‘Now the question at the heart of the affair changed. It was no longer about why the plane crashed, but what was it carrying?
Until 1997, when the Netherlands established a parliamentary commission of inquiry into the affair, both El Al and the Dutch government insisted vehemently that the cargo consisted solely of flowers, perfumes, computer components, textiles and spare parts for the Israel Defense Forces. El Al categorically denied, according to a 1997 report in the Israeli financial daily Globes, that explosives, missiles or any kind of armaments were on board.
El Al also rejected residents’ claims that the plane had a cargo of active uranium, which was dispersed in the vicinity of the crash and caused mysterious illnesses among residents, including babies, in the following years.’
‘But the allegations did not disappear. A report published by the Dutch newspaper NRC Handelsblad (currently called NRC) in October 1998 claimed that the cargo plane was carrying spare parts for Patriot and Sidewinder missiles, and about 10 tons of chemicals, including hydrophosphoric acid, isopropanol and about 190 liters (50 gallons) of dimethyl methylphosphonate – three of the four chemicals needed to make the nerve agent sarin. The report also claimed that about 400 kilograms of depleted uranium used as ballast during the plane’s construction melted in the fire.
According to the cargo manifest, which came to light more than six years after the disaster, the chemicals were destined for the Israel Institute for Biological Research in Nes Tziona. According to Globes, the Dutch investigation forced El Al to admit that the plane had carried a shipment of dimethyl methylphosphonate. The airline stressed that the Dutch authorities were informed of the chemical’s presence immediately after the accident and that representatives of the Dutch Transport Ministry received the original bill of lading.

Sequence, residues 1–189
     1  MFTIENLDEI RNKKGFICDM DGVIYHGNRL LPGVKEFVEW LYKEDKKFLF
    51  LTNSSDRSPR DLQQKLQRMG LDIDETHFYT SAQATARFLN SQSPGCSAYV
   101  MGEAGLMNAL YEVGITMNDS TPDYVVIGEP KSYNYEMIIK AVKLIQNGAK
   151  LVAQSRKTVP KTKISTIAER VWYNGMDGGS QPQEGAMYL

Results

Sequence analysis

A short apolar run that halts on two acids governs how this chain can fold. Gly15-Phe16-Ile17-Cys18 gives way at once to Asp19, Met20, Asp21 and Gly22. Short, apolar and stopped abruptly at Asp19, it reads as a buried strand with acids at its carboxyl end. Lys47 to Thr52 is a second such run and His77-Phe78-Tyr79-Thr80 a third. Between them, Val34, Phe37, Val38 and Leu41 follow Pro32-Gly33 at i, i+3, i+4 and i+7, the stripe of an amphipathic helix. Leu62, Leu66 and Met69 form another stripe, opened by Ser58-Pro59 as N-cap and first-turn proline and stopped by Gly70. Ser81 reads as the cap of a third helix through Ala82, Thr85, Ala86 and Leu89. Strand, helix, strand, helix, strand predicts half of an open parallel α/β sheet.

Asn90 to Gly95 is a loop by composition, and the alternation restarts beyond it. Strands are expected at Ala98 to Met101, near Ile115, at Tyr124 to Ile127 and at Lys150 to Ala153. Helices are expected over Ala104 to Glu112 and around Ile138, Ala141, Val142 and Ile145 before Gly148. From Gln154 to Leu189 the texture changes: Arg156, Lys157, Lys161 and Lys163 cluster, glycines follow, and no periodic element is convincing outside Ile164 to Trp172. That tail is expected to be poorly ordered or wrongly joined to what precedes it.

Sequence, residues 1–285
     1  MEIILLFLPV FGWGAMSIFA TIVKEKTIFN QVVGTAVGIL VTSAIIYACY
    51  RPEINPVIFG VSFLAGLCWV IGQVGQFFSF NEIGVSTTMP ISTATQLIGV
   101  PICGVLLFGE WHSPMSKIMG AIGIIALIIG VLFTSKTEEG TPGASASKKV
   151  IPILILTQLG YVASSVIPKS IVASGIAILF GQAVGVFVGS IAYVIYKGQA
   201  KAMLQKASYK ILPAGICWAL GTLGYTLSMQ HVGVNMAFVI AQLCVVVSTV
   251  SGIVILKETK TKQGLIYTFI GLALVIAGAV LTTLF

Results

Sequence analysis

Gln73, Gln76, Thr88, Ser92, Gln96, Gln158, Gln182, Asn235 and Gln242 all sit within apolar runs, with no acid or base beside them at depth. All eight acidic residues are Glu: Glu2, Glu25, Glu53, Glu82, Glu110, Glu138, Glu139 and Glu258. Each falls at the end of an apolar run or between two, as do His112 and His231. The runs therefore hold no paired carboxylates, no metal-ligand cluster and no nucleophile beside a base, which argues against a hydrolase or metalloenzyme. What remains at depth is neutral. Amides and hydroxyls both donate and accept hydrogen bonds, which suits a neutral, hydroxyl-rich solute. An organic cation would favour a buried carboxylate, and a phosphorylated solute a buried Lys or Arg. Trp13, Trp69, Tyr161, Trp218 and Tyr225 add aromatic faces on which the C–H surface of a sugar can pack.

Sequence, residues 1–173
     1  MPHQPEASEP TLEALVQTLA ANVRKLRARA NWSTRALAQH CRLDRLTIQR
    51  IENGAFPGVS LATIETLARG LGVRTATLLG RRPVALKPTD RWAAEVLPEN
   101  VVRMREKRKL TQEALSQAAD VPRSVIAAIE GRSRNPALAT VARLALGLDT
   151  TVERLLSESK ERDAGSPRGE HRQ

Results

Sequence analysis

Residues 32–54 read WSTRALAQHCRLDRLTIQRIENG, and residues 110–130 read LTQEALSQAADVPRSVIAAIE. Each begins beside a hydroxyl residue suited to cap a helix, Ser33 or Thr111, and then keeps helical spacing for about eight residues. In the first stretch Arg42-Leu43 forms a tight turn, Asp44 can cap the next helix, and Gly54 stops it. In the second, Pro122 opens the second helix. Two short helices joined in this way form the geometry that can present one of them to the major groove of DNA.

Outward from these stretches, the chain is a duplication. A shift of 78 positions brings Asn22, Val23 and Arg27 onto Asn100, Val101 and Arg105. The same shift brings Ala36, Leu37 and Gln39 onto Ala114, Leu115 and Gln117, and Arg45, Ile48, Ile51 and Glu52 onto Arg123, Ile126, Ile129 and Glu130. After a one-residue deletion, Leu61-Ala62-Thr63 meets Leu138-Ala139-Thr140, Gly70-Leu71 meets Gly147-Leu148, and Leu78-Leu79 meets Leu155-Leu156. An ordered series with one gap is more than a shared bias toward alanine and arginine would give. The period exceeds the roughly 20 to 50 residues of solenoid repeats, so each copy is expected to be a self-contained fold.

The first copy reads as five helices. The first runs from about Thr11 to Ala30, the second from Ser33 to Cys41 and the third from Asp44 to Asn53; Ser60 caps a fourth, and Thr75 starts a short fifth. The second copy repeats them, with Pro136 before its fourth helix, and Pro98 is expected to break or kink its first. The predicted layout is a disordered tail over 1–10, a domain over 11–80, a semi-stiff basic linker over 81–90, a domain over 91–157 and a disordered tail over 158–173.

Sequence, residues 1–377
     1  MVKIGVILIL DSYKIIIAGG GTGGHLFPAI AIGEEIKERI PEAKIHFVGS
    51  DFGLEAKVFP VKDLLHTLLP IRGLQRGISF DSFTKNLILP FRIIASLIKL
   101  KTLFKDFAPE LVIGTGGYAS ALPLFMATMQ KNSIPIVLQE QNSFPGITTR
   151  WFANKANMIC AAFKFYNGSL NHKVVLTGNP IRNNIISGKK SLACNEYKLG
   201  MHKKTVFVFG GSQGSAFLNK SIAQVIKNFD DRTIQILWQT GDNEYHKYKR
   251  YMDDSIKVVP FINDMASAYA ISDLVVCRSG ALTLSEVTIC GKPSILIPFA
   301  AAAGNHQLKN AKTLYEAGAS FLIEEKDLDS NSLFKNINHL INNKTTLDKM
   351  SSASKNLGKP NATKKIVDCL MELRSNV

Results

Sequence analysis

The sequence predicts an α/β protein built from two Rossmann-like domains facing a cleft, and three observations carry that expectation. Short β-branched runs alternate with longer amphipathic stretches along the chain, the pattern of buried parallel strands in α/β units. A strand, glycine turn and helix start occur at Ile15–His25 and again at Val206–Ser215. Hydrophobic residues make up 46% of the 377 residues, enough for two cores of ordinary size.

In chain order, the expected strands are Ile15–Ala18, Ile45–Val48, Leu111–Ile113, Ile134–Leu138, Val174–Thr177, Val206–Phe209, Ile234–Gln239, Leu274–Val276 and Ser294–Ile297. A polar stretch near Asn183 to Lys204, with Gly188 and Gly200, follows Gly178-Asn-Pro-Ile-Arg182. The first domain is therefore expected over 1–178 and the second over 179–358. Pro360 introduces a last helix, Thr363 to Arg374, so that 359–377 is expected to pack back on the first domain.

The Dutch, who now found themselves in a very awkward situation, strongly claimed that the full cargo specifications did not reach them at any stage, and that information about 20 of the plane’s 114 tons of cargo was not included in the documentation provided to them.’
‘The inquiry also found that there was a direct link between the disaster and the health problems; that the government’s slow and dismissive handling of the matter increased the medical complaints; and that in light of the relatively large number of reports of autoimmune diseases in Bijlmer, it seems that the health risks of exposure to depleted uranium in this manner were not sufficiently known.
The commission also determined that there were no technical or maintenance issues with the plane at takeoff, and that no hazardous materials were found that international regulations prohibit by air transportion.’
‘Bendanon and other residents are right. This failure had several layers. There was a collective cover-up that served everyone involved very well. In fact, no person or organization paid a price for this disaster – except for the victims and survivors, of course. El Al and Boeing were saved from the threat of extinction; the Dutch government stood by its ally, Israel, and covered up its failures. Even the three Dutch ministers who were found responsible for the failure were not forced to resign.
In the face of the Dutch-Israeli alliance, in addition to the economic interests of business empires such as Boeing and El Al, the residents of Bijlmer never stood a chance. The cover-up made them victims twice over. As they see it, the circle has yet to be closed.’
Read the article here.
The cover-up served all players well, except for the victims.
Twenty tons of cargo remains a mystery, thirty years after the crash, and the health problems are still shaking up the lives of the people who lived in the Bijlmer and their descendants.
The reluctance of serval Dutch governments to delve deeper into the matter is at best just convenient for most people involved. But it is also possible that the Netherlands didn’t want to cause any problems to its ally: the US. After all, the flight had started in NY.